Take for example a building inspector, that is also a tester of sorts, no? He verifies whether all the rules have been followed of proper architecture, the design has been implemented as promised etc. Imagine you are having your own house constructed and this building inspector comes by. You put your hopes on this person to validate that your house is what you want it to be: warm, safe and as you requested.

This building inspector, upon arriving, grabs his excel sheet with the requirements for the house and checks the ones he can verify, without needing any knowledge of architecture or constructing a house for that matter. He then gives you this checklist and tells you he has functionally covered all things of your house.

Considering that you live in an area with lots of snowfall in winter you ask this person whether the roof can manage with a load of snow on it in winter and the heating will not collapse under the strain of having to heat the entire house in a snow-storm.

He says: I don’t know, I am not an architect nor a construction worker, I am merely the building inspector. I just go through this list of things I need to check, why would I know anything about building a roof for a house or what the heating can take? You should probably ask the construction workers what they think.

Would this give you faith in his verdict that the house is indeed what you wanted?

I believe not, yet this is a practice that i see happening fairly often in software testing. So where does it still go wrong in software testing? How come there is still this tendency to believe there is no need for understanding software when you test it?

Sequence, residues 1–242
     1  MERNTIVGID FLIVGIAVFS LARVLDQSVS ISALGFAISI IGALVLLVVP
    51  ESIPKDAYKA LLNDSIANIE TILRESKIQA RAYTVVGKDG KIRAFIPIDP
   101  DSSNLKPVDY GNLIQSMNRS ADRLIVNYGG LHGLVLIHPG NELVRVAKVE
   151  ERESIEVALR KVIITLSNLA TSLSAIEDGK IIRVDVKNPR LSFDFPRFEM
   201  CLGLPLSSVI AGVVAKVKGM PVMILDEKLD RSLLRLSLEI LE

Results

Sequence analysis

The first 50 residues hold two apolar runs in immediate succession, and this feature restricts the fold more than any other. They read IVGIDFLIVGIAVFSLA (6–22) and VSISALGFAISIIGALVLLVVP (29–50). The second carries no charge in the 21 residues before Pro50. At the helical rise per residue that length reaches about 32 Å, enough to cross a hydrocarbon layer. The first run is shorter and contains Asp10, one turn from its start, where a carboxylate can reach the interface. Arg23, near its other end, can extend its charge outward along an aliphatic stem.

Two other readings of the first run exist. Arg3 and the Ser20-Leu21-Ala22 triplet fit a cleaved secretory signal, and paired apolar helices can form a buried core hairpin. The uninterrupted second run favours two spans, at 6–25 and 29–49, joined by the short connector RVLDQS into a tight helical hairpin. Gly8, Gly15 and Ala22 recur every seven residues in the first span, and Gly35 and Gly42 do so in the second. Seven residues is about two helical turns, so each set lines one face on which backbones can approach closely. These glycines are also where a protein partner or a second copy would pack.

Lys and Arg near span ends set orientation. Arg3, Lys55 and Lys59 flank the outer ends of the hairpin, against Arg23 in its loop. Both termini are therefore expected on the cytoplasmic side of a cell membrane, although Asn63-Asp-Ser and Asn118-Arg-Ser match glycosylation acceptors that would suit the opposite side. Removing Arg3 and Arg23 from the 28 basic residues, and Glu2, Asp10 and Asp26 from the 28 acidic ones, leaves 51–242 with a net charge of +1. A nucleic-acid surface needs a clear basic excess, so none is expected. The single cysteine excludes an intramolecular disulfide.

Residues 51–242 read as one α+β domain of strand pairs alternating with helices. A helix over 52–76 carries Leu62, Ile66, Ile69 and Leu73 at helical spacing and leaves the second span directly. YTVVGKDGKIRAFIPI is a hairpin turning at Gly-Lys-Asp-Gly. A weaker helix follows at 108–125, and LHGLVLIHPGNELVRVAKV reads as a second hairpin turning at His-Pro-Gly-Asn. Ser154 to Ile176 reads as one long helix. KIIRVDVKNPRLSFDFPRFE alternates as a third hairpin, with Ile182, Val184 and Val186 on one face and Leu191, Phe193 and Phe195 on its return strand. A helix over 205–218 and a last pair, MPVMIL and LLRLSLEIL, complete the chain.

How often do you see the same bug coming by when testing an application, once you see a bug more than once, in a very similar form, you should be able to come up with the idea that there might be an underlying issue going on. Instead what I  often see is that for every occurrence a new bug is created in the bugtracker. To understand that there quite likely is one underlying problem, the tester doesn’t need to know how to program, you should however have a basic idea of how a program is (or should be) built up and if you are not certain whether it indeed might be one and the same issue in the code, how about talking to the developer?

When exchanging ideas and thoughts with other testers on twitter and forums etc I quite often see an amazing lack of knowledge in this area. To make things even worse, a fair share of testers seems to have a degree (bachelor or master) in computer science yet have no clue what, for example, a regular expression is. Is it just me, or is this indeed a worrying thing? When reading through the Computer Science curriculum of an average university here in the Netherlands, I do see all kinds of interesting subjects and descriptions that would lead me to believe basic programming is part of what you get taught, however when talking to the graduates that end up in software testing I see nothing of that knowledge.

Where are the technically strong testers? The ones that can have a discussion with developers about how the structure of a program was setup, who can tell a developer that the SQL query he wrote is extremely inefficient? I know I see some of them online, these are the testers I enjoy following on twitter and on blogs, but there must be more than these happy and noisy few. Where are they hiding? In my experience there are not enough of them, at least not in the Netherlands.

— Edit–

There is a nice article dealing with similar questions and frustrations on (sorry, it is in Dutch, if you do want to attempt have a look at the google-translated version)


–Edit 03/11/2011 —

Really nice to read Elisabeth Hendrikson’s article on a similar subject, but from a different point of view:

I am sad to see though that there are people commenting on her article and are calling QTP and especially Selenium basically record/playback tools. If you have ever used either you know that QTP is a hell of a lot more than just record playback and Selenium is clearly NOT a record playback tool (unless you mean the Selenium IDE rather than the entire toolset of Selenium.